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Nitrogen-reduction and Abandoned Septic Systems in Florida


In 2016, Florida introduced legislation encouraging homeowners to switch from septic to sewage systems: the Florida Springs and Aquifer Protection Act. This act was created to shield the state’s natural springs from nitrate pollution. Unfortunately, this legislation opened the doors to other issues. Let’s talk about why abandoned septic tanks in Florida are problematic and what you can do as a responsible Floridian.

For Hernando County residents, the primary area of concern is Weeki Wachee Springs. Government mandates require the county to implement extra protections to keep the springs pristine. One way to help is to convert nearby septic systems to sewage.

According to researchers, 30% of the total nitrogen that reaches groundwater comes from septic systems. Converting septic to sewer can have a positive effect. Millions of people drink Florida groundwater daily, and our aquifer remains our biggest source of potable water.

Find out what the Florida Springs and Aquifer Protection Act means for your septic system below.

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Nitrogen-Reducing Grants as an Option

The goal of the 2016 legislation was to clean up Florida’s groundwater and eliminate harmful elements like nitrogen and phosphorous.

Homeowners in affected areas may have no choice but to agree to septic conversion, which means connecting their homes to the municipal sewage lines. Fortunately, the state has worked hard to help owners subsidize that cost by allocating $41 million for septic-to-sewer conversions.

Septic conversion is the most likely option but not the only possibility. Some homeowners may be able to augment their current systems with nitrogen-reducing enhancements to remain compliant with the state and/or county. The state will partially pay for this as well. For example, Hernando County and Citrus County have created grant programs to help subsidize the costs of septic upgrades.

In Citrus County, you’re eligible for up to $7,000. In Hernando County, the number jumps up to $7,500.

These grants are a great way for homeowners to comply with state regulations while preserving their septic systems. To qualify, households must have an existing septic system and cannot live in an area designated for sewer connection.

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What Happens After a Home Switches from Septic to Sewer?

Many homeowners forget their old septic systems after connecting to the sewer. After all, that’s one of the primary advantages of switching. You don’t have to think about continual maintenance.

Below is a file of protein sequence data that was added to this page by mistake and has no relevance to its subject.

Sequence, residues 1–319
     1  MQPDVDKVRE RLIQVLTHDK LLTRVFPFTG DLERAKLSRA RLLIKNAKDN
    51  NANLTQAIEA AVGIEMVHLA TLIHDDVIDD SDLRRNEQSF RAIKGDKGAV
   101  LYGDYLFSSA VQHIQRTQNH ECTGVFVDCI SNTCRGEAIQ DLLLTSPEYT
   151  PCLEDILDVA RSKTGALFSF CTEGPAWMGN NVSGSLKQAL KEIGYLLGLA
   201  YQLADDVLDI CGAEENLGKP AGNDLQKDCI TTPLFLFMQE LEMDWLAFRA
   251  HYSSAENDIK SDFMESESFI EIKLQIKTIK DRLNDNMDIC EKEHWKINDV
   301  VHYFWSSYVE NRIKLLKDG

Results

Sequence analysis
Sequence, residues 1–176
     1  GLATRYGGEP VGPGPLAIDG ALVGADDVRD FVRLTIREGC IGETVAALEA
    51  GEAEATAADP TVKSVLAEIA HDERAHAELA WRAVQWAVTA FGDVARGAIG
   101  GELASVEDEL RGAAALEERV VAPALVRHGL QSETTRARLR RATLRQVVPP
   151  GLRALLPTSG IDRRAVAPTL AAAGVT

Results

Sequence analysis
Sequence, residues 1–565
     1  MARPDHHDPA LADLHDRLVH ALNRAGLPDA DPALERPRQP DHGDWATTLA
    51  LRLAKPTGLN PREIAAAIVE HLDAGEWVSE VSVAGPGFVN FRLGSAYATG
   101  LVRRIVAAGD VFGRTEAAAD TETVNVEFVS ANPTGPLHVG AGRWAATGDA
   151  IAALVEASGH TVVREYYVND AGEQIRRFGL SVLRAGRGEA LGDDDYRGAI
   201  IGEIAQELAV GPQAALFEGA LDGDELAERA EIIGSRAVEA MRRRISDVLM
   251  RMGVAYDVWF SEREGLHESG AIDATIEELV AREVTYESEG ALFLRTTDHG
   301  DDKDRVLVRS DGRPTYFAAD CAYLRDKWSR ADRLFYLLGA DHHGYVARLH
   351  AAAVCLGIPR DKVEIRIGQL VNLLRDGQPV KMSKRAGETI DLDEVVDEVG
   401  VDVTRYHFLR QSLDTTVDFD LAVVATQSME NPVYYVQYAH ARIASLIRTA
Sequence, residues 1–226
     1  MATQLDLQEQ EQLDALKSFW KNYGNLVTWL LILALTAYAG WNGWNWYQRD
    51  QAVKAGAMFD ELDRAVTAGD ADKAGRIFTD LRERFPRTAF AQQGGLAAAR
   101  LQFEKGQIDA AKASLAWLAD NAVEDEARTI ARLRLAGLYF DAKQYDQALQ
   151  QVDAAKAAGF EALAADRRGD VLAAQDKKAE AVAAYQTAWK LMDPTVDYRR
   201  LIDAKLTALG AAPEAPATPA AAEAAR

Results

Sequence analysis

Connecting to the sewer also gives you more freedom to landscape. You can move about your yard and dig where you want. 

However, a septic system isn’t like a broken piece of furniture you can throw away. A forgotten septic system can harm your health and surroundings. The only safe ways to abandon a septic system are to fill it with concrete or do a full excavation.

If you’re moving on from a septic system, don’t do it alone. ACE Septic & Waste professionals will ensure the job is done right and up to code. Filling the septic system with concrete is the easiest and most cost-effective method, but we’ll gladly help you with a full removal.

Negative Effects of an Abandoned Septic Systems

Before science showed us the dangers of nitrate and phosphorous in our drinking water, many property owners failed to properly abandon their septic tanks. It became “out of sight, out of mind.” They couldn’t see any damage wrought, so they assumed everything was fine.

Unfortunately, abandoned septic systems in Florida aren’t harmless. Real risks are involved if precautions aren’t taken. The most common problem with an abandoned septic system is sinkholes. If a tank isn’t filled correctly, the water can erode away soil and create air pockets, making it easier for the ground to collapse or cave in.

Hazardous gases are another issue. Septic systems generate methane gas, ammonia, and sulfuric acid, which can lead to serious health problems. Additional health problems might arise from the wastewater leaching into the soil.

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If your family is being affected by tainted groundwater, it’s quite likely that you won’t notice what’s going on at first. That’s why the dangers of abandoned septic tanks are more serious than they seem. Furthermore, one person’s abandoned septic tank could affect an entire community’s groundwater. Taking a wait-and-see approach with an old septic tank may be tempting, but the risks aren’t worth it.

ACE Septic & Waste can help

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Let ACE Septic & Waste help you to seal off an antiquated septic system the right way. Or, if you live in Citrus or Hernando counties, it pays to explore the opportunity for a grant to upgrade instead. We’ll be there to install the upgrades.

We employ reliable, experienced technicians, so you can rest assured that your property is handled with the utmost care and compliance.

Call ACE Septic & Waste today for an inspection or a free quote on sealing off your abandoned septic system. Remember, if the state requires the move, most expenses will be reimbursed.

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